The Roar
The Roar


English rugby league grapples at Wembley with the impact of expansion

Inside Wembley Stadium prior to the Challenge Cup. (Photo by Naomi Baker/Getty Images)
20th August, 2018

It was a comment offered by a passerby in the carpark across from Macron Stadium between games at the Challenge Cup semi-final double-header – it was brief but said so much: “we’d better get used to it”.

St Helens had just been stunned by Catalans who marched onto Wembley where they will meet Warrington this Saturday. What, exactly are we “getting used to”?

A clue: the number one thing we’ll all be talking about between now and kick-off at the national stadium on August 25: the attendance figure.

It’s intriguing that even the most progressive, neutral rugby league fans a few weeks back seemed to want a Saints win. When you’re an RL leftie, what’s the worst of two evils: a cherished expansion team missing out on the Challenge Cup final or a half-full Wembley?

Clearly, for many, it was the former. We love expansion but we worry more about what outsiders think of us.

St Helens’ Mike Rush, in a recent podcast interview, expressed concern that if Toronto, London and Toulouse all go up next year, they’ll lose out on gate receipts and sales of hot dogs and pies.

What we have to “get used to” is the fact that they might one day be joined by New York, too.

This is an old argument. Super League clubs don’t want to accept that modern professional sport does not live on away fans. It survives on TV money and if you don’t get enough of that, you’re part-time. Do the San Francisco 49ers complain that the Buffalo Bills don’t bring enough fans because it’s a 30-hour drive?

If you’re relying on away fans to exist, you probably don’t deserve to exist. That world is gone, kaput – along with liquid paper, pagers and fax machines.


But what Wembley does is bring this into sharper focus. If you are a serious national club sport with an international dimension, you have to learn to accept some of the teams you allow into the competition might actually make finals.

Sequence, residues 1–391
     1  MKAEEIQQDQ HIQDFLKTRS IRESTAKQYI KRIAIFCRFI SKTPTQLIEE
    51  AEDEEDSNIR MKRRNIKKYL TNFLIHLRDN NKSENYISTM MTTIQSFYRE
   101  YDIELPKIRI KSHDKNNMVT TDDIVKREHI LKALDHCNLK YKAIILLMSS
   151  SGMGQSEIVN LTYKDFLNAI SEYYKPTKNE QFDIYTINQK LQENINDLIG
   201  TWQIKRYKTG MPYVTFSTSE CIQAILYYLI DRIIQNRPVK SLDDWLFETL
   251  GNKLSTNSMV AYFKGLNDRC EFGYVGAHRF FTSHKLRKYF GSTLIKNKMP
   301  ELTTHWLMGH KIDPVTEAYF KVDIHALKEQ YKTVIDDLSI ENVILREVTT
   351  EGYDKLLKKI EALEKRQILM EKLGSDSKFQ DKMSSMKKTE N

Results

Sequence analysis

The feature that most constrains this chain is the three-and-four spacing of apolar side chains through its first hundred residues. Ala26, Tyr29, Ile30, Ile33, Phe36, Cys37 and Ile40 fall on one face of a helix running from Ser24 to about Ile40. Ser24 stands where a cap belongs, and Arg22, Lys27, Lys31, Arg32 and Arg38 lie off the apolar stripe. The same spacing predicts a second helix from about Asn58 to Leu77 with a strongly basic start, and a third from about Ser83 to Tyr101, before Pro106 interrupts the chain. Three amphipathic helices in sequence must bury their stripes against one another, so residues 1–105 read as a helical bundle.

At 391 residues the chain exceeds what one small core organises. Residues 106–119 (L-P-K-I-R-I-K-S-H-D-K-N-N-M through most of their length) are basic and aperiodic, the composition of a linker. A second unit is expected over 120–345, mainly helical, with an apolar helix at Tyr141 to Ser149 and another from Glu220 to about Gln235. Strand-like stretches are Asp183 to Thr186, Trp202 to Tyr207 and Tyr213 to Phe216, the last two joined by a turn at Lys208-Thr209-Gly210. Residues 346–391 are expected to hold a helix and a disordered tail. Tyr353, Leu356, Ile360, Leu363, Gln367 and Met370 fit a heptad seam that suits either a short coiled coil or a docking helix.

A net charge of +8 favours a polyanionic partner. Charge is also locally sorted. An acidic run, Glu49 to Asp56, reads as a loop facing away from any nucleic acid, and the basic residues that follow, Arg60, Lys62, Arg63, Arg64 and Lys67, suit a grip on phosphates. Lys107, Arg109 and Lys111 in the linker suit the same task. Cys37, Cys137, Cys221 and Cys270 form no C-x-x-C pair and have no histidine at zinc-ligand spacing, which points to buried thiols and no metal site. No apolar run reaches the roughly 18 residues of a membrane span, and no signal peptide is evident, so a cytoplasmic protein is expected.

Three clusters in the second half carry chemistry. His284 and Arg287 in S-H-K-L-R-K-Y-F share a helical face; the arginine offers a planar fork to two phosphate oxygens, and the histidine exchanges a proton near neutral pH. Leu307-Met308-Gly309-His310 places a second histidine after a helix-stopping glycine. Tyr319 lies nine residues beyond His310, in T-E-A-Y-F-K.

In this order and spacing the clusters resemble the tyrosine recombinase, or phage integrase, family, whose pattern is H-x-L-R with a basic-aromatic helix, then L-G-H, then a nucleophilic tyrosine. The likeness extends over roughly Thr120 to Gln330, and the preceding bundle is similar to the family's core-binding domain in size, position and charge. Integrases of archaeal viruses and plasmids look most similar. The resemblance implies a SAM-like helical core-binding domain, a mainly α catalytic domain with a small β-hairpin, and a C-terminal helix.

Not only do clubs have to learn to live without away fans, the game itself has to do so. The game itself, like the clubs, has to learn to fill stadiums with people who actually live in the place where the games are being played.

There’s a novel thought.

Desperate times call for desperate measures. One of them was the semi-final double-header, such a success that the RFL and Super League now have a completely new property on their hands to add to Wembley, Magic, the grand final and home internationals.

Wembley Stadium during a rugby league game between

(Photo by Naomi Baker/Getty Images)

Likewise, the poser caused by Catalans being at Wembley will hopefully help the sport learn to engage with the French community in the UK, to dig deeper into London people who don’t normally go and to value-add to events.

The Toronto Wolfpack engaged the Canadian Embassy and Canadian military when they transferred a home game to London in May; can we do the same with the French government? Let’s make it a day London celebrates the ties between the countries.

What if the recent London Nines was on the same weekend as Wembley and every player got a ticket? The events promote each other. What if a lower division play-off or Super 8s game was played as part of a double header on Challenge Cup day? Hell, team up with other sports!


The same goes for the clubs and regular season games next year. In the NRL, Sydney clubs transfer lower-drawing games to regional venues. If you’re going to go to Dublin or Coventry with a Super League match, perhaps having Toulouse, Toronto and London in the competition will give you the impetus to actually do it.

There is no going backwards. The world has changed. Challenges are just opportunities in disguise.